In domestic policy, the No Child Left Behind (NCLB) education act is the Bush administration’s top claim to visionary leadership—its equivalent of the Iraqi war in foreign policy. The administration has used the taxpayers’ own money to try to convince them that NCLB has been an unqualified success, draping the Department of Education’s headquarters building in Washington in propaganda banners and fake little red schoolhouses. It has hired a public relations firm specifically to ballyhoo this one statute, which the White House has likened to landmark programs such as the Social Security Act or the Homestead Act. In his acceptance speech at the 2004 Republican convention, President Bush called NCLB “the most important federal education reform in history.” Even before his second inauguration, he proposed to extend its provisions from elementary schools to high schools.
Especially striking is Bush’s boast that he has increased federal spending on education faster than any president since Lyndon Johnson. That is a reversal as profound as the Clinton administration’s embrace of welfare reform in 1996; in both cases the party in power accepted ideas long associated with its opponents. The Republican reversal is the more stunning of the two because most members of the president’s party on Capitol Hill changed course with him. During the Republican party’s rise to majority status from the 1960s to the 1990s, it usually opposed centralized federal programs in education as in other areas. As recently as 1996, the party’s platform pledged to abolish the U.S. Department of Education.
With party loyalty keeping most congressional Republicans from criticizing NCLB, its skeptics currently find themselves marginalized in Washington. But in the long run the statute should and will be judged by its actual results.
Dangers of Centralization
NCLB’s success will depend on whether it is possible to produce excellent educational performance through centralization. Its advocates are in a self‐contradictory position. They recognize that the educational policies of the last four decades—a period of almost uninterrupted centralization—have failed, but their remedy for that failure is yet more centralization. While invoking the principles of an “ownership society” on issues such as Social Security reform, they are pursuing almost the exact opposite model in schools. In a period of growing social mobility and individual autonomy, they are promoting a top‐down, Great Society model of reform—transferring power from individual parents, teachers, and principals to distant bureaucracies such as state education agencies.
Ironically, education is precisely that area of social policy that by its nature is least susceptible to centralization. Education is inherently personal and inherently value laden. The key relationships in schools are those between individual teachers and individual students: If the teachers are not willingly committed and highly motivated, no centralized rule books or formulas are going to inspire peak performance. To use social science jargon, schools are “loosely coupled systems”; decrees from centralized administrators have little power to boost their performance from mediocre to excellent but enormous power to impede. Indeed, before the mid‐20th century such administrators were either nonexistent or mostly irrelevant; key decisions were made at the level of the individual school.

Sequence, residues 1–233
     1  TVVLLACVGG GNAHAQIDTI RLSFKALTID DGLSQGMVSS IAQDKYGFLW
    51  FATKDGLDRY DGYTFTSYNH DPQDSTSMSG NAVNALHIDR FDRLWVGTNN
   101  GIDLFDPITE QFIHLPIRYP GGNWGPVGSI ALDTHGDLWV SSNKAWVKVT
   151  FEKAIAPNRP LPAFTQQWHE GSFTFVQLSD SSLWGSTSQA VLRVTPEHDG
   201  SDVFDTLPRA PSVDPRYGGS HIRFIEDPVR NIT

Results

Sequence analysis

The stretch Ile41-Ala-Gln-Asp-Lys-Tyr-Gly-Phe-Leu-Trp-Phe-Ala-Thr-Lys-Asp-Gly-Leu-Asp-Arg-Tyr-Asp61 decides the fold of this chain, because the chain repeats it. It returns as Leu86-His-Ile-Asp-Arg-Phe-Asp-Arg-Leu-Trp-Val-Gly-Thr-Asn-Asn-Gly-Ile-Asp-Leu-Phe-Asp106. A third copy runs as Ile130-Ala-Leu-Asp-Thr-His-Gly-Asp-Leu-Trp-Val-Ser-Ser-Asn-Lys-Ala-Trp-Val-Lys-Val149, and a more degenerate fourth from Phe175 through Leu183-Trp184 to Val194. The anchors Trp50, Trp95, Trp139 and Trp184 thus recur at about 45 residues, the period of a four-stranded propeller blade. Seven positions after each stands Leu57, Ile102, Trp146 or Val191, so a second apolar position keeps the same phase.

Moreover, schooling inescapably involves judgments about truth and virtue, about what kind of person a youngster should aspire to be. Americans inevitably disagree with each other about those judgments. Which dead politicians should children be encouraged to revere as heroes? What should they be taught about ancient belief systems such as Christianity and Islam—and about modern ideologies such as feminism and environmentalism? Should “traditional values” such as piety, chastity, and asceticism be celebrated, ridiculed, or simply ignored? Today’s Americans have no more chance of reaching consensus on those questions than of agreeing on what church (if any) we should all attend; that is why we keep the state out of controlling churches, just as we keep it out of other value‐forming institutions such as publishing and journalism. The more we entrust such decisions to centralized state agencies, the more conflicts we foment. Zero‐sum “culture wars” for control of coercive state monopolies make enemies of people who could otherwise be friends.
NCLB does not explicitly call for national curricula. It mandates standards for testing, not for curricula, and leaves the content and design of the tests up to the states. But in the long run tests, at least to some degree, shape curricula. NCLB is already promoting centralization within each state; it could become a force for national centralization as well if future administrations exercise to its full potential their power to deny federal funding to states whose testing programs are deemed inadequate.